5 Tips to Plan a Fishing Trip with your Kids

By Slaton White

Jul 03, 2019

Fishing is an activity the entire family can enjoy. As a parent, you get to see the unbridled delight of a son or daughter catching their first fish.

Fishing is an activity the entire family can enjoy. As a parent, you get to see the unbridled delight of a son or daughter catching their first fish. For the child, they get to enjoy a pleasant day on the water, learning a skill that can give them a lifetime of enjoyment.

Watch this video about this mom's story and how fishing has become an important part in her life and in the life of her children.

1. Get Fishing Tackle

The best approach is to keep the gear simple. A good starter set for younger children is an inexpensive rod-and-reel combination that features a closed-face reel (also known as a spin-cast reel). By design, it will limit line tangles. Older children, capable of casting farther, can use the popular spinning rod and reel. Adults also will prefer spinning tackle. The folks at your local bait and tackle shop can help you match the rod to the reel and select appropriate fishing line as well as terminal tackle (hooks, sinkers, bobbers, etc.)

2. Choose the Right Bait

The tackle boxes of experienced anglers are filled with artificial lures, such as spinners, jigs, and spoons, but beginners and kids should go with live bait, preferably earthworms (which also will be available at that local bait and tackle shop). Worms are easy to put on a hook, and they don’t require any sophisticated action or technique to entice a bite from a fish. Simply pull the hook through the middle of the worm, leaving both ends free. Attach a bobber to the line and then clamp on some weight (“split shot”) a few inches below the bobber. The weight of the split shot gets the bait down to the fish. You’re all set.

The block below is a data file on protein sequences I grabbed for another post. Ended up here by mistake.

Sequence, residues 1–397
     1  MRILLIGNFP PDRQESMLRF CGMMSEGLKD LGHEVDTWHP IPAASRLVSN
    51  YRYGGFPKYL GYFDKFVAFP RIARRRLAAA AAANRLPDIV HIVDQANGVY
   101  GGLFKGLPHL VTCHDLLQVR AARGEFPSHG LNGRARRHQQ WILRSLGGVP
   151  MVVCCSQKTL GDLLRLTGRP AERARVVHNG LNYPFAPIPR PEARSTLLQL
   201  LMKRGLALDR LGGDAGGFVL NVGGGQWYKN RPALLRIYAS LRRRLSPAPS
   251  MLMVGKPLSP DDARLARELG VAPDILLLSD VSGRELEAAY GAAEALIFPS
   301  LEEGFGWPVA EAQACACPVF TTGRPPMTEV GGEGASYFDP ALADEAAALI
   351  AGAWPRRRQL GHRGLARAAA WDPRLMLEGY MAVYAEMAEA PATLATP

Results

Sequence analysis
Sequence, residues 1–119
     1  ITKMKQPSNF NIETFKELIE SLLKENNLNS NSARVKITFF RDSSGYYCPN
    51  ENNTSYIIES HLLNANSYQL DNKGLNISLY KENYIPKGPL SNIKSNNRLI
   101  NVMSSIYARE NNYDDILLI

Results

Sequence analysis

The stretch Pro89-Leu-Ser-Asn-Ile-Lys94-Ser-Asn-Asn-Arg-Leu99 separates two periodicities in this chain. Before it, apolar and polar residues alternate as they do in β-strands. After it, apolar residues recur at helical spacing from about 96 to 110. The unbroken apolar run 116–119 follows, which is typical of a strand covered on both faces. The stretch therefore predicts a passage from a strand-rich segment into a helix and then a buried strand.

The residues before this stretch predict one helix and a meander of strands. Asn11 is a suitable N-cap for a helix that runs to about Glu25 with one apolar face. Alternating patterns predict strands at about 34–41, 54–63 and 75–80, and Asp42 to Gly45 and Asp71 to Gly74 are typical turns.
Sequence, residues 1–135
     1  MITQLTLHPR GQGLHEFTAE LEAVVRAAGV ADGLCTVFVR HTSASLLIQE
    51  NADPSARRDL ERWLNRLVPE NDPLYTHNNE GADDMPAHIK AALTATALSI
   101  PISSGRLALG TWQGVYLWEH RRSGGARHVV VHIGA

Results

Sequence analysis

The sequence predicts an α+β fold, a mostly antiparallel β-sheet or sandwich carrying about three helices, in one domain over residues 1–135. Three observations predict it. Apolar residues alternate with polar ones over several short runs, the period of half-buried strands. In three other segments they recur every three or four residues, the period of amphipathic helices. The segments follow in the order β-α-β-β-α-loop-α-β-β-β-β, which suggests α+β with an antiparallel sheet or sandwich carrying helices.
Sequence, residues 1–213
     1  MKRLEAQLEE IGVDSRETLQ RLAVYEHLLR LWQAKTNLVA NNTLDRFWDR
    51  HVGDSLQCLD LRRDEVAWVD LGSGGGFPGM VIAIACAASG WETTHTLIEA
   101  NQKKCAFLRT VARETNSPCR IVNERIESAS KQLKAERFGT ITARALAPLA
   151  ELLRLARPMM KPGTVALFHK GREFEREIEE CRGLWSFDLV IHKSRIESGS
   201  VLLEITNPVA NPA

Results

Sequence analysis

3. Find Places to Fish

Small ponds and lakes that hold panfish such as crappies, catfish, bluegills, and other sunfish are ideal spots to fish because your young charges won’t have to deal with the current of a river. Have everyone cast their lines into the water and then sit back and wait for those bobbers to dip under, signaling a fish is on the line. In most cases, the fish hook themselves, so all you have to do is tell your kid to reel in. Unhook the fish, re-bait, and have them cast again. For more information, tips, and tricks, head to takemefishing.org.

4. Keep Safety First

In many cases you can do all this from shore. But if you do fish from a boat (or if the family is fishing on a dock over deeper water), make sure everyone is wearing a PFD (Personal Flotation Device).

5. Enjoy Every Minute

Don’t forget to take lots of pictures of their first fish. You’ll enjoy the memory in the years to come, and your kids will enjoy those images as well. Get Your Fish On at TakeMeFishing.org

Slaton White
Slaton White
Slaton White is a contributing editor at Field & Stream. He joined Field & Stream in 1981 and has fished throughout North America, as well as in New Zealand and South America.